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Company still tight on details

GPU giant NVIDIA is betting the future of the company on its GF100 graphics chips using the new Fermi architecture. The new chips started mass production last month, and are expected to be used in new video cards that will be launched around the end of February.

There still aren't a lot of specific details about the video cards that will use the new chips, but the company has just released information about the names of the first cards to use GF100 chips.

The GeForce GTX 480 will be the high end video card using the highest clocked speeds, while the GeForce GTX 470 will be a more affordable card with lower core and memory timings. Several defective CUDA cores are likely to be disabled in the GTX 470, which is going to be a big production problem for NVIDIA due to the large die size of the GF100.

NVIDIA seems to be almost entirely skipping the 300-series, with only the GeForce 310 occupying the space. That card is an OEM-only rebadge of the GeForce 210, a low-end DirectX 10.1 part.

Hopefully, this means that all cards in the 400-series will be DirectX 11 capable.


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RE: Ha! I Win! Nvidia shows stupidity again!
By akugami on 2/2/2010 5:34:33 PM , Rating: 1
Your post fails because everyone knows people are stupid. The average consumer wouldn't know the difference between DX10, DX10.1, and DX11. It is because of this reason that people are still buying nVidia cards when you could save some dollars and get an equal performing ATI card in the past year or so. Prior to that, ATI sucked for a long while.


By Omega215D on 2/2/2010 11:29:18 PM , Rating: 2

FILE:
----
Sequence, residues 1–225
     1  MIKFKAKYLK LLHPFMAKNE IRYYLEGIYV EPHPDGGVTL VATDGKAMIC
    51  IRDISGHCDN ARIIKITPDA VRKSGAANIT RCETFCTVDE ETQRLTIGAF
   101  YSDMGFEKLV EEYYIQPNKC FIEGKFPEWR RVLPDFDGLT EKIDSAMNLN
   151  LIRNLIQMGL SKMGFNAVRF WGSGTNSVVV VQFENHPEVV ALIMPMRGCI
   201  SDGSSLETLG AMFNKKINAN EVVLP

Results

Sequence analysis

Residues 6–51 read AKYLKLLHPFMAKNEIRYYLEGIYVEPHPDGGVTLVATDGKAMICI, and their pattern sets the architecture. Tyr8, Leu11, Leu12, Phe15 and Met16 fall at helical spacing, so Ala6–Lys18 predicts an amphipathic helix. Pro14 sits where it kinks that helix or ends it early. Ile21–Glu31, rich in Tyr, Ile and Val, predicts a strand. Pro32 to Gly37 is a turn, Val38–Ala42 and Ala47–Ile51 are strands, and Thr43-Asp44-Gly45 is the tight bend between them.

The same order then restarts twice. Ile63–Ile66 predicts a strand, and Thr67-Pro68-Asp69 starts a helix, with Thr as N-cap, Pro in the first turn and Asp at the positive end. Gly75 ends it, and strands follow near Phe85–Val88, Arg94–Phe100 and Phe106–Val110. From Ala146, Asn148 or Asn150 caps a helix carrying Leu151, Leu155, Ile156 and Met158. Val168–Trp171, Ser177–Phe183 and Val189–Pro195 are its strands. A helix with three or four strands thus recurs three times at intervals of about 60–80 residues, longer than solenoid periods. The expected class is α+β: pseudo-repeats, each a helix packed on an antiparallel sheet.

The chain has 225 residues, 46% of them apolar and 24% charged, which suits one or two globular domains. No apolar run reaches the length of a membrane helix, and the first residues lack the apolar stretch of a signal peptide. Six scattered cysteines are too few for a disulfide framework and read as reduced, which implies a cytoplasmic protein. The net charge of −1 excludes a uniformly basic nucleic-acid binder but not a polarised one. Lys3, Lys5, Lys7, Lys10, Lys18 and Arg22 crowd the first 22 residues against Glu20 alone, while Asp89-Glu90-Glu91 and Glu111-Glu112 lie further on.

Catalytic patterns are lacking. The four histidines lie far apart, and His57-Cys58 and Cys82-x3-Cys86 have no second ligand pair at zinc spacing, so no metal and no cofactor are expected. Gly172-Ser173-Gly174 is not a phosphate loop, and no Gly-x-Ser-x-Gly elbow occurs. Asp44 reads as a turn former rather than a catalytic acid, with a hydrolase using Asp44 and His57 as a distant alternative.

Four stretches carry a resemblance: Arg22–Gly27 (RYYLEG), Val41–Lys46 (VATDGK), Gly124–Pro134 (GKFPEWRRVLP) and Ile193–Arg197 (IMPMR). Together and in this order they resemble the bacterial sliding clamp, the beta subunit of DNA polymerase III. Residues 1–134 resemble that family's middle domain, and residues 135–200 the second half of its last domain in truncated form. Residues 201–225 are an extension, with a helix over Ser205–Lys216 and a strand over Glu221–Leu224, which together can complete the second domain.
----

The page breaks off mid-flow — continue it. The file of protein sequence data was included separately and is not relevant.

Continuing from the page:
Define long while? The 9700 Pro, 3000, 4000 series cards were great bang for the buck video cards.


RE: Ha! I Win! Nvidia shows stupidity again!
By Belard on 2/4/2010 12:32:56 AM , Rating: 2
True, most people don't know much of the difference and few games actually use DX10 or DX11. For those of us who do know, it kind of makes it difficult to know what is what with constant renaming of parts.

ATI keeps it constant since the 7000 (DX7) days (mostly).

quote:
Prior to that, ATI sucked for a long while.


Huh? While the 8500 was roughly the GF3 it competed with, it wasn't until the Radeon 9000 series that ATI got serious with its drivers and more so since the 4000.

The GeForce 5000 "FX" generally sucked balls - only the 5700GT and 5900GT versions were worth anything at the end. Thus is when ATI's 9600 & 9800 cards rocked.

When the GeForce 6000~7000 series came out, ATI geneally had the faster card most of the time with the 1800s & 1900s. The 7900 was always behind a 1900 variant. Nvidia didn't have any to beat the $500+ ATI 1950XTX until the 8800GTx/s came out with about double the performance.

But during this time, ATI screwed up because their cards were only hitting the high-price points. I bought a 7600GT because its was $190 and what ATI had at that price wasn't as good.

ATI bombed with the HD 2000 series... to hot, not very fast and expensive. But with the 3600 & 3800s, they gave the 8800/8600s a good run for the money at an excellent price.

The 4800s came out weeks after the $450 / $650 GTX 260/280... causing Nvidia to do a price drop in order to compete. Sure the 4870 wasn't as fast as a GTX 280, but for $300 it was a steal in comparison.

So as of today ATI owns most of the low-end market, okay in the mid-range and dominates the top.

We'll see how the GTX 48560-whatever compares soon... but Nvidia has nothing for the low-mid range other than more re-branded products. I won't be surprised if a GTS-560 comes out and its just a re-branded GTX-260. (They may change their mind if I just gave away their plan... but I doubt Nvidia staff can read)


By jojo29 on 2/15/2010 9:50:37 AM , Rating: 2
Belard

Couldn't have put the "ATI/Nvidia War" in a nutshell better than myself...Excellent Sum up...now do one for the AMD/Intel :)


"If a man really wants to make a million dollars, the best way would be to start his own religion." -- Scientology founder L. Ron. Hubbard














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